Sunday, July 20, 2008

Maine Part III: Cooking Locally at the Campsite

I was disappointed to learn that I would miss both the Portland and Bar Harbor Farmers Markets by just a few hours each due to our traveling schedule. To compensate, I packed food from the Union Square Greenmarket that I thought could stand the trip - butter, honey, maple syrup, potatoes, onions, zucchini, and eggs. I was also buoyed by the fact that restaurants in Maine make an effort to serve locally produced food - more on that later. And I figured there would be plenty of farm stands to provide fresh veggies during our week-long stay.

Since we ended up going out to eat more than I expected, we only needed to pick up groceries a couple times. One of those times was a trek to the western side of the island to Beech Hill Farm, an organic farm run by College of the Atlantic in Bar Harbor. Their farm stand offers produce from Beech Hill, along with produce, meat, dairy, etc from other local farms. We picked up dried blueberries (which went into pancakes), milk (into coffee and pancakes), bacon (an impulse buy from Jesse that I eventually appreciated because it helped a morning hangover and was cooked with scallops below), and swiss chard (cooked with tacos and scallops below).We got a terrific recommendation from our server at a bar to go to Parson's (64 Eagle Lake Rd/Rt 233 near Bar Harbor) for fresh fish to cook. It's a total mom and pop operation where the fish comes in fresh everyday (though you never know exactly when and what she'll have in stock!) She said everything is caught locally in Maine, which made me happy.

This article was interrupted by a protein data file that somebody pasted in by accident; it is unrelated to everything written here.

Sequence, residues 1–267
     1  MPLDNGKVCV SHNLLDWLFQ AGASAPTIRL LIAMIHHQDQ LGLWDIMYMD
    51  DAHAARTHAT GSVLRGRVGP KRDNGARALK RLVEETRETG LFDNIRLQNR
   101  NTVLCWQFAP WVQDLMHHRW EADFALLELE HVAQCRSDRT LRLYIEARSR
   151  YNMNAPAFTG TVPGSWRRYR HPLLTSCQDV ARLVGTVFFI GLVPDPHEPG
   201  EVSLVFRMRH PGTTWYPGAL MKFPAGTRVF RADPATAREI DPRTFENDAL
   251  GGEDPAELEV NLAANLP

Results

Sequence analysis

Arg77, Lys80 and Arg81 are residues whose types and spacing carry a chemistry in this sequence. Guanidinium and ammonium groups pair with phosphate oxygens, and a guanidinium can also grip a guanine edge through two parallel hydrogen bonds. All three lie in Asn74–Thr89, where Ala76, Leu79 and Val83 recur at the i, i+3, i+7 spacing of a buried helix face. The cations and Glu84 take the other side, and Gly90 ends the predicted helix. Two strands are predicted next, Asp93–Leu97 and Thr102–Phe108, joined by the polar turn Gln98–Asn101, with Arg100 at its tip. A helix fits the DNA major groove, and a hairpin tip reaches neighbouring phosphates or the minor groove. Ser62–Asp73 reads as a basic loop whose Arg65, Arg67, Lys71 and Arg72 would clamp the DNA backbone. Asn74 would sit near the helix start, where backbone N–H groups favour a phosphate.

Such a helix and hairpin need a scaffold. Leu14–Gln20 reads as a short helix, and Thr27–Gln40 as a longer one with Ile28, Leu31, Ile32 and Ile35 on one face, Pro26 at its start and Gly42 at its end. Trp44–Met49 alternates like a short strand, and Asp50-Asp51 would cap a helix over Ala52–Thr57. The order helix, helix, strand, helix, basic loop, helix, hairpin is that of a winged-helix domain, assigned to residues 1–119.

At our first visit to Parson's, we picked up haddock and clams. Jesse does most of the cooking when we go camping because he knows how to light the camping stove and I don't - ha! I sliced zucchini (from NY farmers market), sprinkled it with olive oil, salt, and pepper, and put it over the fire in an aluminum pouch. It took a while, but it did actually work, unlike our previous foible with potatoes. Meanwhile, Jesse cooked quinoa over the stove, steamed clams in a Bar Harbor ale, and finally sauteed the haddock with olive oil, salt, and pepper. The end result was a huge heaping meal. I yelled at Jesse for getting too much fish (a pound and a half for two people!), but the leftovers went into fantastic tacos with tortillas, beans, salsa, and local swiss chard the next night.
After getting bacon from Beech Hill, Jesse became possessed with the idea of making bacon-wrapped scallops. We visited Parson's the next day, but they were already out of scallops. Back we went the next morning with a mission on our mind. This time, the scallop guy hadn't yet made his delivery. We went again to Parson's that afternoon, and still no scallops. Finally, an hour later after some beers in nearby Bar Harbor, we were rewarded with scallops!

Following Liz's advice, this time I threw an aluminum pouch of chopped potatoes (coated with olive oil, salt, and pepper of course) right into the fire. A few of them burned, but the rest cooked right into tender bites before the rest of our dinner was done. Amazing!

Meanwhile, I cooked just one strip of bacon in a pot, then tore it up and threw it back in the pan with swiss chard and onions in the same pan to soak up all the bacon flavor. Jesse painstakingly wrapped the scallops in the rest of the bacon and sauteed them until browned and firm. It was another delicious and overwhelmingly huge meal, with all those bacon and scallops. The leftovers went into tacos again with more smooshed beans, onions, and hot sauce (out of salsa at that point) for a surprisingly delicious breakfast. We made more intricate meals than we have on past camping trips, as our priorities change, and it made us happy to eat like kings, as Jesse put it.

To be continued...

Other posts in the Maine vacation saga:

V. Drinking in Bar Harbor
IV. Lobster Pounds on Mount Desert Island

II. Camping in Acadia National Park

I. A Night on the Town in Portland

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